Cardiolipin depletion resulting in mitochondrial dysfunction could lead to the attenuated oxidation of fatty acids and resultant TAG accumulation found in diabetic myocardium. TAG molecular species increase dramatically in diabetic myocardium and have previously been implicated as the etiologic agents mediating lipotoxicity (6). TAG could serve as a source for the generation of toxic fatty acids and fatty acyl CoAs by hydrolysis by myocytic TAG lipases thereby increasing the amphiphilic burden presented to diabetic myocardium. Such alterations could affect membrane dynamics and surface charge altering electromechanical coupling and the electrophysiological properties of diabetic myocardium. In addition, TAG hydrolysis would result in the production of diacyiglycerol which could activate PKC-mediated signaling cascades and lead to dysfunctional metabolic or hemodynamic signaling cascades. Finally, it is also possible that the presence of TAG droplets could interfere with the flux of hydrophobic chemical constituents in myocytes or alter the mechanical properties of cardiac myocytes.

Cardiolipin depletion could also result in increased peroxisomal proliferation to accommodate the increased oxidative needs of myocardium. Concomitant with peroxisomal oxidation, the biosynthetic functions of peroxisomes such as ether lipid synthesis (a precursor of plasmalogen) could also increase. This study shows a remarkable increase in the mass content of plasmalogen molecular species. Plasmalogens alter the molecular dynamics of cell membranes and possess an increased dipole moment in comparison to their diacyl phospholipid counterparts (51). These alterations could also influence the electrophysiological properties of myocardium and/or calcium release during contraction or reuptake during diastolic relaxation contributing to diastolic dysfunction. It is important to note that diastolic dysfunction is an important element in diabetic cardiomyopathy and that altered calcium fluxes, in part due to changes in membrane dynamics and resultant influences on transmembrane protein activities, could play an important role.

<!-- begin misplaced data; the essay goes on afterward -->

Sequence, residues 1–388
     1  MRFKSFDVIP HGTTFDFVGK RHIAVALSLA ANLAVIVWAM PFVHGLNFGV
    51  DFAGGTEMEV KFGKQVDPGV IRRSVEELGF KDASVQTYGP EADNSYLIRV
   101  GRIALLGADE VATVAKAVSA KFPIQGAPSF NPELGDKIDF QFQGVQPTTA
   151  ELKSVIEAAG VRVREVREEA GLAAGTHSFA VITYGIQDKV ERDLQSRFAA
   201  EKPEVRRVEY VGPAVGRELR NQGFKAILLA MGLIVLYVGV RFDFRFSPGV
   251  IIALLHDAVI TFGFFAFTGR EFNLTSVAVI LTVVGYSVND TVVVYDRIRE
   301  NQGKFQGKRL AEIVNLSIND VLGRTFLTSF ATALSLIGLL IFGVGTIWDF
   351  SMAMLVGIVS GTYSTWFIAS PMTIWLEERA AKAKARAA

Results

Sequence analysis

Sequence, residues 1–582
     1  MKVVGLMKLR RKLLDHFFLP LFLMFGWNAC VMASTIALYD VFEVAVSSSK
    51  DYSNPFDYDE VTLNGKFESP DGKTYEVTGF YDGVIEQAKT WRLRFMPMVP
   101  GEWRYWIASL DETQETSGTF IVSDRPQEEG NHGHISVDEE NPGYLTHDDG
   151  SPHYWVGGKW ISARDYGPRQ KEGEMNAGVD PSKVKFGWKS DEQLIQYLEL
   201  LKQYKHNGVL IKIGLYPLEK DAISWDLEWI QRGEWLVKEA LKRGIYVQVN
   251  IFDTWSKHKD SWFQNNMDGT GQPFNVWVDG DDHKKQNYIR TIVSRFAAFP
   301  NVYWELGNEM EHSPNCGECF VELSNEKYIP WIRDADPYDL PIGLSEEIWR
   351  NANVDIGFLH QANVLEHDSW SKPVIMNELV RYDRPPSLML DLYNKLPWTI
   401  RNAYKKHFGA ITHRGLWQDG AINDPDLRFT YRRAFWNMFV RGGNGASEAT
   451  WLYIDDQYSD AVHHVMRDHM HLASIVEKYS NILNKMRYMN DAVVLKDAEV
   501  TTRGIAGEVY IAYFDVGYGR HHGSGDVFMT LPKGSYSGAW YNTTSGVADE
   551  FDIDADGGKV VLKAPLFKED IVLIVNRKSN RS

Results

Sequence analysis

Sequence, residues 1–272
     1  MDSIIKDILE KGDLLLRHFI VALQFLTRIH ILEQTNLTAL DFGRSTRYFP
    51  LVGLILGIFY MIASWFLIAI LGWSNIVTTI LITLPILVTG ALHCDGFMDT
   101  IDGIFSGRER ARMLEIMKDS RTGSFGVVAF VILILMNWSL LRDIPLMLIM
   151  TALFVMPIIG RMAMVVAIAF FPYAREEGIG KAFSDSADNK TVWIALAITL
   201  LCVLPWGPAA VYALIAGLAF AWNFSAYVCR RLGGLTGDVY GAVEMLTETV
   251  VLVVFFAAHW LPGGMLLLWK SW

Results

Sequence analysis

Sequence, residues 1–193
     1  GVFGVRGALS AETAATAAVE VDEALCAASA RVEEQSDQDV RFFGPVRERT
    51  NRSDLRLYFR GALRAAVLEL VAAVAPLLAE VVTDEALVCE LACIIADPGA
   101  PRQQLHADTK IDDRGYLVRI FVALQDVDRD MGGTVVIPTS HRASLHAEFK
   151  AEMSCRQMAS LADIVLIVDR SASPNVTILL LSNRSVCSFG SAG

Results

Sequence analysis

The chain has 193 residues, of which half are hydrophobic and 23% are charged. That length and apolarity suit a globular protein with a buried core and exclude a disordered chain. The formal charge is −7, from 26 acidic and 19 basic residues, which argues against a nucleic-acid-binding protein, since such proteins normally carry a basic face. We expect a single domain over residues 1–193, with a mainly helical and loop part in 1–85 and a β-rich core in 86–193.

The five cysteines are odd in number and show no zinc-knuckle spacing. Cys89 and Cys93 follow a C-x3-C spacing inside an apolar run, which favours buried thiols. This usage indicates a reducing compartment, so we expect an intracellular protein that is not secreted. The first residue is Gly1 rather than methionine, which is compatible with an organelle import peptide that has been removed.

In conclusion, cardiolipin has previously been shown to be essential for physiological electron transport, inner membrane supramolecular assembly, efficient ATP synthesis, binding of cytochrome c, and the function of multiple other mitochondrial inner membrane enzymes. The use of shotgun lipidomics has identified cardiolipin depletion and its direct metabolic precursor, phosphatidyiglycerol, thereby altering membrane charges, surface properties, and molecular dynamics. The resultant pathologic alterations in inner membrane function represent a new biochemical mechanism that integrates the altered substrate utilization present in diabetic myocardium with mitochondrial dysfunction into a unifying hypothesis. Amplification of the effects of cardiolipin depletion occurs through ineffective utilization of fatty acid substrates, resultant increases in free radical generation and accumulation of toxic amphiphilic metabolites collectively resulting in the cardiomyopathy manifest in the diabetic state.

TABLE 1
Mouse myocardial lipids were extracted using a
modified Bligh and Dyer procedure and the TAG molecular species
in the lipid extracts were identified and quantified by using the 2D ESI
mass spectrometric approach as described in the Materials and Methods.
The results are expressed in nmol/mg of protein and represent X ± SE
of seven different animals. Only the TAG molecular species that
contribute over 1% of total TAG in diabetic myocardium are listed in
the table.
16:0-16:0-18:2837.70.07 ± 0.010.51 ± 0.12
16:0-16:0-18:1839.70.06 ± 0.010.38 ± 0.02
16:0-18:2-18:2861.70.45 ± 0.052.46 ± 0.41
16:0-18:1-18:2863.70.27 ± 0.030.91 ± 0.16
16:1-18:1-18:1863.70.37 ± 0.041.55 ± 0.31
16:0-18:1-18:1865.70.15 ± 0.020.61 ± 0.11
16:1-18:0-18:1865.70.04 ± 0.010.39 ± 0.09
T18:2885.70.48 ± 0.052.48 ± 0.40
16:0-18:0-20:4885.70.11 ± 0.010.20 ± 0.02